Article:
Family bond or bonded labour: What ails the guru-chela relationship in the hijra community?

The power dynamic is steeped in obligations, and newer generations are pushing back.

ByBinjal Shah
Family bond or bonded labour: What ails the guru-chela relationship in the hijra community?
Photo credit: Zoya Lobo
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The usually rebellious Rose’s* disposition visibly shifted as we entered Kajal* guru’s one-room Mumbai home. Kajal guru and her 70-odd chelas, or disciples, live separately, visiting every now and then. Rose sat on the floor until her guru hoisted her up.

This dance – to instinctively make oneself smaller in the presence of family elders – is an Indian idiosyncrasy that has been coded into women’s genes. The customs might seem different, but the urgency with which 26-year-old Rose and her 50-year-old guru’s conversations leapt from neighbours to the news was unmistakably like that of mother and daughter.

It is in this duality that lies the fundamental existential dilemma of nearly half a million members of the Indian hijra community living within the guru-chela system.

For centuries, trans women and intersex and genderqueer individuals who have been abandoned have been initiated into the hijra community by the gurus within the system: senior members of the hijra community with social and financial clout, who typically assume the role upon the insistence of junior members of the community.

Acting as den mothers, gurus share parental relationships with their “chelas”. But they maintain a tight grip on their chelas’ lives – dictating how they work, earn, and even who they see, to the extent that many activists consider it a systemic form of bonded labour.

There’s the chicken and egg question here: was the institution created to profit off the labour of the vulnerable? Or was it intended as an alternative family structure, with exploitation being a fallout?

Like other joint and nuclear families, some chelas live with their gurus but a majority live separately, giving rise to a diverse range of families and living situations. “Like parents, gurus can be both nurturing and smothering,” Rose explained.

Within the community, only the senior-most chelas can sing and dance. Next in the hierarchy is those who beg and collect shaguns, or alms in exchange for blessings at events, and finally, the sex workers. In exchange for a roof and food, chelas take on household chores including some with shades of servitude, like cleaning the guru’s “thukdaan”, or spittoon. They must also contribute either a portion or the whole of their savings to their gurus.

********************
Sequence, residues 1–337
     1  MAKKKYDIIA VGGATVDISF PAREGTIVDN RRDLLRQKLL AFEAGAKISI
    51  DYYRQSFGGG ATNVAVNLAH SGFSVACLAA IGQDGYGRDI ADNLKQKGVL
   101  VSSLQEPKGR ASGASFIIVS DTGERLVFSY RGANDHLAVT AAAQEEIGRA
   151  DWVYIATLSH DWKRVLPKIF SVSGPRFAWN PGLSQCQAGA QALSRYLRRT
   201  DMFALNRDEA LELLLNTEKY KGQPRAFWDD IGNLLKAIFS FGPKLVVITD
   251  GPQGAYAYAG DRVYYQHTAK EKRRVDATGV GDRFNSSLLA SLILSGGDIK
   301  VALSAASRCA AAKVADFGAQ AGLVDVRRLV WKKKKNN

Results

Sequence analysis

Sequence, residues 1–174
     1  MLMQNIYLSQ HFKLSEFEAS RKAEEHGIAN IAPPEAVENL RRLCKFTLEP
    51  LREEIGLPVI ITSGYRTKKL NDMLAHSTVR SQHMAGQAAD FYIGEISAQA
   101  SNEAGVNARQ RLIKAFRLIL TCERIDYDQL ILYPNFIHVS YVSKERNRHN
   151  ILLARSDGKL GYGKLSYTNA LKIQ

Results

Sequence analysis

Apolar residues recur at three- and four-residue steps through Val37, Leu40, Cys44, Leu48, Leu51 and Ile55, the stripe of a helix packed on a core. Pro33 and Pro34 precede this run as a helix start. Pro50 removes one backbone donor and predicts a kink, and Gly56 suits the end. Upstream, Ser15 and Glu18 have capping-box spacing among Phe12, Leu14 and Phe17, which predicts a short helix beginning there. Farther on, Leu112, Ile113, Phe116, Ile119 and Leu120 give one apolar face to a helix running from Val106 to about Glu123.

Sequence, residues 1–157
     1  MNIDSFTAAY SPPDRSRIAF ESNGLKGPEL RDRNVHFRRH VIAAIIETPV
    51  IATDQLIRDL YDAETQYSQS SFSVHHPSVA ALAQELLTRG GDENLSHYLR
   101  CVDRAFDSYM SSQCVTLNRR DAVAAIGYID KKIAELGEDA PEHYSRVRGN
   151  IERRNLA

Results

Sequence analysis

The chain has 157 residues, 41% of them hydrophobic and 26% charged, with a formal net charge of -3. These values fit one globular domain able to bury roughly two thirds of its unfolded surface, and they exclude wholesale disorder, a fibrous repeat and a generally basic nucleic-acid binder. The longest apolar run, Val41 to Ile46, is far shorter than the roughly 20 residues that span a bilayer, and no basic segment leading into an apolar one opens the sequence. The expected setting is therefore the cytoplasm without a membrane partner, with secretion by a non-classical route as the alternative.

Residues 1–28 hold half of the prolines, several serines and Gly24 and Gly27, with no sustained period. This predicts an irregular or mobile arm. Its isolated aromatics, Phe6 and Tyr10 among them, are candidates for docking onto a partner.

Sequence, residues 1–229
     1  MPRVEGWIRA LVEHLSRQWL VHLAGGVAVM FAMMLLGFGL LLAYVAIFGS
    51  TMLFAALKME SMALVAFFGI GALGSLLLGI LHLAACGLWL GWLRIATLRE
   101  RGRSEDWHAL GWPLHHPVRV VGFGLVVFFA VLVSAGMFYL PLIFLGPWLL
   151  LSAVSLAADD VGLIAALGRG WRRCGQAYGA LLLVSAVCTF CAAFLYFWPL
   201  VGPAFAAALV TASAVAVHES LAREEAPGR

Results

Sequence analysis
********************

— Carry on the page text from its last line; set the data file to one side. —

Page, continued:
Those who have moved out also continue making these monetary contributions.

But the newer generations are increasingly resentful of these doctrines. The power dynamic is steeped in obligations, often pressuring chelas into silent submission. Among Mumbai’s seven major “gharanas” (in this context, clans) which are helmed by the senior-most gurus called “nayaks”, Rose was first accepted into the gharana that some say runs an especially tight ship.

And while seeking a new guru is extremely controversial, she dared to walk away.

“My first guru was an alcoholic and would always create a scene,” she said. “She wouldn’t show up to important events and I was hurt and depressed. She harassed me for money and levelled allegations that I stole money, gold, etc.”

When Rose decided to run away, she said, her guru and a few of her chelas “kidnapped me, dragged me home, hit me with brooms and slippers, and even chopped my hair to brand me an offender”.

It was a guru in Mumbai who ultimately united Rose with her next guru. “Gurus don’t just make anyone a chela,” Rose explained, “one must be good-looking, adept at mangti [seeking alms], and have people skills with no history of offences.”

While Rose still engages in “hijarpan”, that is the community’s traditional activities - begging and attending functions to offer blessings for alms - to make ends meet, she has managed to make inroads into more mainstream professions too. Her guru is proud of her, she said, but she was still slut-shamed by the community for wearing “western clothes and going out to network”.

“The elders hold us back from joining mainstream professions, partly out of selfishness and partly out of protectiveness,” she said.

***

The rules that govern the community are not arbitrary. A jamaat or committee, constituting the nayaks from every city or town, is instated to enforce the rules and collect fines ranging from Rs 100 to Rs 1 lakh. These rules are likely not recorded; they are passed down traditionally to successive jamaats. Many gurus compel chelas to sever ties with their families, as they feel the latter can never truly accept trans children. Gurus often forbid chelas from getting involved with cisgender men, since they believe that men fetishise trans women’s bodies.